The criteria for classifying a food as a prebiotic are:

1) It should not undergo hydrolysis or absorption in the upper gastrointestinal tract;

2) When it reaches the colon, it should be selectively metabolized by a limited number of beneficial bacteria;

3) It should be able to alter the colonic microflora to a healthier bacterial flora;

4) It should be capable of inducing a physiological effect that is beneficial to health [14].

Prebiotics may exhibit the following properties:

•     Maintenance of intestinal flora and stimulation of intestinal transit [15];

•     Change in colonic microflora, contributing to normal stool consistency, preventing diarrhea and constipation [5,16,17];

•     Elimination of excess substances such as glucose and cholesterol, favoring only the absorption of substances needed [2];

•     Stimulation of the growth of bifidobacteria [18];

•     Stimulation of the absorption and production of B vitamins (B1, B2, B3, B6, B9, B12) [19];

•     Support of the immune system [12];

•     Contribution to the control of obesity [14];

•     Contribution to the decrease of the risk of osteoporosis [2];

Prebiotics can be found in some vegetables, such as leeks, onions, chicory, tomatoes, asparagus, artichokes, bananas, and alfalfa. It can also be added to industrial products such as foods for children, dairy and confectionery products, beverages, light mayonnaise and low-fat cheese, and they can be used as dietary supplements [4,15].

Prebiotics are being used in the food industry as functional ingredients in beverages (fruit juices, coffee, cocoa, tea, soft drinks and alcoholic beverages), milk products (fermented milk, milk powder and ice cream), probiotic yogurts and symbiotic products [20,21]. Other applications include desserts (e.g., jellies, puddings, fruit-flavored ice cream), confectionery items (e.g., sweets), biscuits, breakfast cereals, chocolates, breads and pastas, meat products (e.g., fish paste) and tofu. Prebiotics can also be used in cosmetics, pharmaceuticals and products for people with diabetes [21].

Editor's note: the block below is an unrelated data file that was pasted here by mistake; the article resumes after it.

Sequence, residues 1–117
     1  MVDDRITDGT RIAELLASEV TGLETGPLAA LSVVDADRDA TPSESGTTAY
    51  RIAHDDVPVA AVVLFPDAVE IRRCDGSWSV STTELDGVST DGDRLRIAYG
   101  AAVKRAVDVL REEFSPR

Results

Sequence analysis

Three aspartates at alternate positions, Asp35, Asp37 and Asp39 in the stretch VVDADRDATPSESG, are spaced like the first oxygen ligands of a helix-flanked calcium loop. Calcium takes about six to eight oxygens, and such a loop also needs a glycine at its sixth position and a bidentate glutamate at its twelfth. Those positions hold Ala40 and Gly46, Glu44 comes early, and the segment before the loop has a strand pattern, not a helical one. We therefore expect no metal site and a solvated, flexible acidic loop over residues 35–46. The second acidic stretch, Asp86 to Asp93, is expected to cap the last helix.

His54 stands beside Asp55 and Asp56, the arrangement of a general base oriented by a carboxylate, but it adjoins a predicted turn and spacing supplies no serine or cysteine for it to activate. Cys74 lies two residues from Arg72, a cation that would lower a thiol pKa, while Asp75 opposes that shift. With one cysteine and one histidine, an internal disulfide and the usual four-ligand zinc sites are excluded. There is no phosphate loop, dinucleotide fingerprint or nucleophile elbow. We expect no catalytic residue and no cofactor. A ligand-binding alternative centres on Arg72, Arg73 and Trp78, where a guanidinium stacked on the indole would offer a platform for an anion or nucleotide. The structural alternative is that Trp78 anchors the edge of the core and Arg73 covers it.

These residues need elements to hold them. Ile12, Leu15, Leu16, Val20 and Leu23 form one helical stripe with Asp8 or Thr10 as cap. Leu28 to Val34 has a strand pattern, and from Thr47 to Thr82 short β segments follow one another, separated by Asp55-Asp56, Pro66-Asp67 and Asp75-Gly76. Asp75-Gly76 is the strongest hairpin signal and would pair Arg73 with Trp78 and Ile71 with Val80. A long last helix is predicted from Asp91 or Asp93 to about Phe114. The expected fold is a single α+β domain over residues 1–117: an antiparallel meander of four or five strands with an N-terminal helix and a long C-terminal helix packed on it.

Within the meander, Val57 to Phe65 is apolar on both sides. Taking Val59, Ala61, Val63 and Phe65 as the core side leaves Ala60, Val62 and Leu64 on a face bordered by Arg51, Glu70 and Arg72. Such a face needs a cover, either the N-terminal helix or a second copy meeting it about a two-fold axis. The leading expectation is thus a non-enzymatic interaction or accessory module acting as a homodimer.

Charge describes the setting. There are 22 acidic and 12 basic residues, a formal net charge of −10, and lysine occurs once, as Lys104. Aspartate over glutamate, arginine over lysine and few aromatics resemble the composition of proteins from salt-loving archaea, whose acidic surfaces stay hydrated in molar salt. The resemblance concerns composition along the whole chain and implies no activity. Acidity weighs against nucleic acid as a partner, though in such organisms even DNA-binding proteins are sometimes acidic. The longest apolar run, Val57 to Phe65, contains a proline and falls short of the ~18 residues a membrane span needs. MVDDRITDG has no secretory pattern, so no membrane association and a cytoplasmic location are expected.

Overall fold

2.1. Fructooligosaccharides (FOS)

Fructooligosaccharides (FOS) belong to the group of oligosaccharides and are isolated from plants. They consist of three to ten monosaccharide units joined by α-glycosidic bonds (1-2) between terminal fructose and glucose [22].

The degree of polymerization (DP), defined by the number of monosaccharide units, is used to define and classify FOS and inulin molecules, with FOS having a DP<10 and inulin a DP between 2 - 60 [23]. The difference between inulin, oligofructose and synthetic fructooligosaccharides is the degree of polymerization, i.e., the number of individual monosaccharide units that make up the molecule [24]. In the extraction commercialization process, FOS can be obtained from inulin by means of the transfructosylation enzymatic reaction in sucrose residues by the action of the β-fructofuranosidase enzyme, with the DP of these products varying between 1 and 7 fructosyl units [25].

Flamm et al. [26] have evaluated the caloric value of FOS and found that the energy yield for the host would be in the range of 1.5 kcal/g to 2.0 kcal/g. By using another method based on lipogenesis balance, Roberfroid [27] stated that the caloric value of FOS is around 1.0 kcal/g to 1.5 kcal/g.

FOS are available in some foods such as bananas, garlic, onion, tomato, wheat, asparagus, artichoke, leek, honey, rye, brown sugar, barley, triticale, beer, lettuce, chicory, burdock, beetroot, apples, bulbs like red lilies, yacon and oats, with onion being the food with the highest levels of FOS (Table 1).